We used to be a community where we stood side by side with the very people we considered different from ourselves. Now, we can’t even have a winter storm that people aren’t ridiculing others because they do or don’t believe in global warming, because they think electric vehicles do or don’t make sense, or whatever the latest thing is that most people have done very little research on but hold a very strong opinion about.
It’s not even the lack of being informed that bothers me the most. It’s the attacking attitude toward others with a different opinion that boggles my mind. Why be so mean?
Don’t misunderstand – I can handle mean. I’ve had someone come into my office and rip the newspaper up in front of me (or attempt it; newsprint does not tear easily). I’ve had the paper slung across my desk in anger. I’ve had phone calls where some very nasty words were used, and I’ve had my Christianity questioned more than once. It’s all part of the job.
But I understood that those people were invested in the topic I had written about. An article didn’t sit well with their values; an elected official didn’t get his way; a family member made the news for breaking a law and they wanted me to cover it up. Those tirades I can handle.
It’s the baseless cynicism and unwillingness to THINK that has me discouraged about mankind. It’s the blind support of viewpoints with no interest whatsoever of exchanging thoughts and ideas. It’s the inability to think there is more out there for you to learn.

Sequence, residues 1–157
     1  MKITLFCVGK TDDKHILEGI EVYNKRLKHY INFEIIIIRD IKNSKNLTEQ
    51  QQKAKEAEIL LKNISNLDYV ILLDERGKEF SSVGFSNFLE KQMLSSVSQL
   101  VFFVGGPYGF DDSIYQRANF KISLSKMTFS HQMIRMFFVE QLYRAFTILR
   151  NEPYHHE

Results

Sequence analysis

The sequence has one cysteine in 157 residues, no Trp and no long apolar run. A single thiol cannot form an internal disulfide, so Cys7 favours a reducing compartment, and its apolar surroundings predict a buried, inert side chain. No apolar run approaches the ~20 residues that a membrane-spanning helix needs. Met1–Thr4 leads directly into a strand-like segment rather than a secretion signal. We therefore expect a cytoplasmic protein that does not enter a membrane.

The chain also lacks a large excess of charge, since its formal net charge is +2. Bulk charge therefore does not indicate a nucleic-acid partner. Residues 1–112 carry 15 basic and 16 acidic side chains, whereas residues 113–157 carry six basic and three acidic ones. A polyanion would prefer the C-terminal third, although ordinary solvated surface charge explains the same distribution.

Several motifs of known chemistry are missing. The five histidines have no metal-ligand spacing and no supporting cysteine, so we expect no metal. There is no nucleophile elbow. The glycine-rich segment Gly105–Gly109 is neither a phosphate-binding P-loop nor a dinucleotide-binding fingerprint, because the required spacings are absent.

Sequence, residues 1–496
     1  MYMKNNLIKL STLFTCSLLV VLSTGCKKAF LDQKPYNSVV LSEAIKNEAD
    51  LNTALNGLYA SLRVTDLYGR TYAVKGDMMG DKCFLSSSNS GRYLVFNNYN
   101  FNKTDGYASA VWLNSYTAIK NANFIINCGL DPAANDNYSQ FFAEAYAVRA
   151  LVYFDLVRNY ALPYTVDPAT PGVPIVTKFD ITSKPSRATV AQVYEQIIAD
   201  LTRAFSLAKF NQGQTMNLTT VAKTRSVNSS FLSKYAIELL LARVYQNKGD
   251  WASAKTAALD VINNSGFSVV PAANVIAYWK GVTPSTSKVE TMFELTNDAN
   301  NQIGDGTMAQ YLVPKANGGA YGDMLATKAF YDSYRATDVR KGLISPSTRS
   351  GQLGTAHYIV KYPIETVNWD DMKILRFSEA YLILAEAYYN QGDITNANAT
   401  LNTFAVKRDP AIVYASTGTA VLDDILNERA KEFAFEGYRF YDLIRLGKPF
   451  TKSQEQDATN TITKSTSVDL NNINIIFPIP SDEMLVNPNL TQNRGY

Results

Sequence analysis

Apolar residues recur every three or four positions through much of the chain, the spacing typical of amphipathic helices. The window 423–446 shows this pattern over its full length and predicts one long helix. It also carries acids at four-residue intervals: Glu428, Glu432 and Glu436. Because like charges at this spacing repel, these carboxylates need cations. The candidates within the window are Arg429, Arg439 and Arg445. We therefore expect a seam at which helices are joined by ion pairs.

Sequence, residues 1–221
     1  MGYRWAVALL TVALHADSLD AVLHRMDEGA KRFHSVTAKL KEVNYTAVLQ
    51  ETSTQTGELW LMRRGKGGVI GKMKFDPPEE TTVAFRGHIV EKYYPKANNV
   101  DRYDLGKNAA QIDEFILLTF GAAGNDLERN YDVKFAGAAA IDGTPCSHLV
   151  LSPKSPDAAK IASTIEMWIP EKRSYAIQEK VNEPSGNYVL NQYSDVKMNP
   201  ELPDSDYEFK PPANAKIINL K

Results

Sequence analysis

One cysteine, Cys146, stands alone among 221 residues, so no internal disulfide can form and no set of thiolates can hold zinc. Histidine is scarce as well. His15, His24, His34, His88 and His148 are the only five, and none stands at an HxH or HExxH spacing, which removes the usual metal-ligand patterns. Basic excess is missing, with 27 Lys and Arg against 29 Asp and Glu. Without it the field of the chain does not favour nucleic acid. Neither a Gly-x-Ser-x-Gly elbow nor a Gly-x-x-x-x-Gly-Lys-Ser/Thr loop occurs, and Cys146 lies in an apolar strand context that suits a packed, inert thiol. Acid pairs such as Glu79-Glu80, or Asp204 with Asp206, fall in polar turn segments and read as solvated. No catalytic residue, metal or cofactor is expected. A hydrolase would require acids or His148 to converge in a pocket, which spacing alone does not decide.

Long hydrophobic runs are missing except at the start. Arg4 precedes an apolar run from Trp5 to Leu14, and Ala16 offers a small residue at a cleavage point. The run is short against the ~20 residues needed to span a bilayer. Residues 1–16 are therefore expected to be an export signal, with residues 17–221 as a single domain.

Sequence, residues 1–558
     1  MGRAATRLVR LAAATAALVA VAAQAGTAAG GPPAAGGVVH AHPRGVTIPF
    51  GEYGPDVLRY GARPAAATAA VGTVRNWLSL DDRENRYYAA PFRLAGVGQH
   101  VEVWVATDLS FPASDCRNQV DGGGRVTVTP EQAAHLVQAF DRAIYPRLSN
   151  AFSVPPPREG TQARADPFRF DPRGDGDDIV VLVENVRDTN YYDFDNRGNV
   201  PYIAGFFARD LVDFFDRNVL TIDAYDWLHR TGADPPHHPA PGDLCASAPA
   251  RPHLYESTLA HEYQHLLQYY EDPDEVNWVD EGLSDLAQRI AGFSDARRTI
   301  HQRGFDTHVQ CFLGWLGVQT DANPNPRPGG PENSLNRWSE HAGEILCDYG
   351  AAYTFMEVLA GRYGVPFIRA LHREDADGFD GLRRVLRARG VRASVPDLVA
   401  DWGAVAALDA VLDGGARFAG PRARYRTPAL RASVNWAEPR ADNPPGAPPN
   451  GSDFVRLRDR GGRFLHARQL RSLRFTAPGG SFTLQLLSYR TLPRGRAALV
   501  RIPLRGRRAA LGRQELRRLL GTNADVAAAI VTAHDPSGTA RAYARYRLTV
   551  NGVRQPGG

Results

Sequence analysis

It takes the fun out of being right, and it certainly takes the fun out of being wrong. In the past, I’ve used this spot to share my thoughts, knowing it could go either way. I knew my readers were looking out for me, letting me know when I said something that made an impression on them and having my back when I missed the mark.
While the awards have been fun, in truth, my favorite response to “One Voice” has always been, “I don’t always agree with you, but I enjoy reading your column.”
When did we stop enjoying the people with whom we disagree?
If I were to pick out my hopes for 2023, it would be that we become a kinder, gentler world, that we see and embrace the imperfections of one another, that we seek knowledge, and we view the world through the lens of grace.
We can only better ourselves when we allow ourselves to be imperfect in front of one another. It’s through that experience that we learn, and we still have a lot to learn.
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What you have just read is a frustrated editor trying to have a civil conversation with her community. At least she is still trying. I know some editors (especially those who are also publishers) who have cut back or given up that valuable work because it’s become a windmill tilt and they think they have better things to do, including keep their newspapers in business.
But sustaining rural journalism also requires making your paper valuable, and you’re in a unique position to be an honest broker of facts and opinion, offering a fair forum to all. Research has shown that the more editorials and columns a paper publishes, the more letters to the editor it gets. It becomes a meeting place for civil conversations.
Some editors have told me they don’t write columns or editorials because they don’t have enough to write about every week. You don’t have to write every week, and picking your shots can increase your impact. On the off weeks, try to fill the hole with something other than politicians’ columns. Recruit thoughtful readers, and offer to help them polish their pieces. Foster civil conversation, and make it your brand.
Al Cross edited and managed rural newspapers before covering politics for the Louisville Courier Journal and serving as president of the Society of Professional Journalists. He directs the University of Kentucky’s Institute for Rural Journalism and Community Issues, which is seeking a new director as he heads into retirement. For more information, contact him at firstname.lastname@example.org.